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ABA launches website to aid unaccompanied immigrant children


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ABA launches website to aid unaccompanied immigrant children

By John Glynn

WASHINGTON, Nov. 12, 2014 — The American Bar Association Working Group on Unaccompanied Immigrant Minors has launched the Immigrant Child Advocacy Network, a comprehensive website to provide information and resources for volunteer attorneys, advocates, policymakers who shape immigration policy and journalists who report on immigration issues.


The Working Group was created by ABA President William C. Hubbard in response to the immigration crisis affecting unaccompanied minors and the critical need for additional pro bono lawyers to ensure children are provided legal representation in immigration proceedings.

“The ABA steps up when justice is at stake,” Hubbard said. “We support legal representation for unaccompanied children in the U.S. immigration court system. We are acting not only out of concern for the welfare of these children, but also because all parties benefit when vulnerable children are competently represented by counsel in adversarial proceedings.”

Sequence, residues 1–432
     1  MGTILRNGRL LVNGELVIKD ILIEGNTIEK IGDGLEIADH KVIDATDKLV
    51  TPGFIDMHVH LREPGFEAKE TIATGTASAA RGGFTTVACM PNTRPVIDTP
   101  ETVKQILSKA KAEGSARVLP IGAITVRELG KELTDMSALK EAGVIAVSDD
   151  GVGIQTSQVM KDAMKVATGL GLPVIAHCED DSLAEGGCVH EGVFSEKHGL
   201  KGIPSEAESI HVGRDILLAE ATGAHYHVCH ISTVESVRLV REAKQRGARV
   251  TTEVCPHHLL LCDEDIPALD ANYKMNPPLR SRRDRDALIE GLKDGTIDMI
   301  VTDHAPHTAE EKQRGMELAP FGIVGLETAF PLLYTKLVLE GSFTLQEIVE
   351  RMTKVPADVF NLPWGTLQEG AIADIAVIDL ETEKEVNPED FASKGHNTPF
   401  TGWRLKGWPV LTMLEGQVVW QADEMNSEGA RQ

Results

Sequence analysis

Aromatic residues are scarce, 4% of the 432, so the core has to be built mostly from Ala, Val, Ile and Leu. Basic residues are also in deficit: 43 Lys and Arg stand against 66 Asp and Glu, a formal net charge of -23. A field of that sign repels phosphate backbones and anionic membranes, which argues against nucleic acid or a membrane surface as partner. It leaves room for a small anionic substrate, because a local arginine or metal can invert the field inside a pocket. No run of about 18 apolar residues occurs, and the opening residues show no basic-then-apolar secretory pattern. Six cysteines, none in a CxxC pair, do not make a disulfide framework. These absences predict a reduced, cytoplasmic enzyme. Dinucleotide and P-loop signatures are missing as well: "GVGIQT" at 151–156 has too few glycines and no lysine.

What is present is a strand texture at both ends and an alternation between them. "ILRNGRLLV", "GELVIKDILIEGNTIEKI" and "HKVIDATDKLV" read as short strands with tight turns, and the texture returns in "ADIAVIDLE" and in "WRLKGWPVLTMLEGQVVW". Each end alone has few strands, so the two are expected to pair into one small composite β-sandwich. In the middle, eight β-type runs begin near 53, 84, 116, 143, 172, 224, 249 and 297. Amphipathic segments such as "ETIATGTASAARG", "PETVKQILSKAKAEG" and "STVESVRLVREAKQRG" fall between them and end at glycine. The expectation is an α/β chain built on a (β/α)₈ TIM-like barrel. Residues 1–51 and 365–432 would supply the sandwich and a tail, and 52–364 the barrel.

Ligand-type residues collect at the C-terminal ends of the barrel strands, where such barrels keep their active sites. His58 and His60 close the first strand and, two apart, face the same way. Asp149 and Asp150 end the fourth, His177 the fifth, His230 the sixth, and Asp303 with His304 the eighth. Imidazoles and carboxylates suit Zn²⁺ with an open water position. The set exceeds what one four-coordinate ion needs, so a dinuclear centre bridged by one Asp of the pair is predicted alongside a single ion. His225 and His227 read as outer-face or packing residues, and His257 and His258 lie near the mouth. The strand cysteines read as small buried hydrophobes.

Comprised of a cross-section of lawyers from varying ABA entities, the Working Group’s primary mission is to recruit, train and mentor volunteer attorneys to increase capacity and complement the efforts of existing legal services programs.

The ICAN website,, is an interactive resource that educates users about the need to enhance access to legal representation for all unaccompanied children.  The website will provide information about the association’s multipronged response to raise public awareness through media and community outreach, legislative advocacy for appointed counsel to children in immigration matters and training for lawyers to take on these immigration cases on a pro bono basis.

In collaboration with Kids in Need of Defense project, the American Immigration Lawyers Association, Catholic Legal Immigration Network, Inc., and Immigration Advocates Network, the website will aggregate training materials on issues related to representation of children and provide a calendar of ongoing pro bono training opportunities and a listing of legal providers seeking volunteers to assist children.

For more information on the ABA Working Group on Unaccompanied Immigrant Minors, go to   

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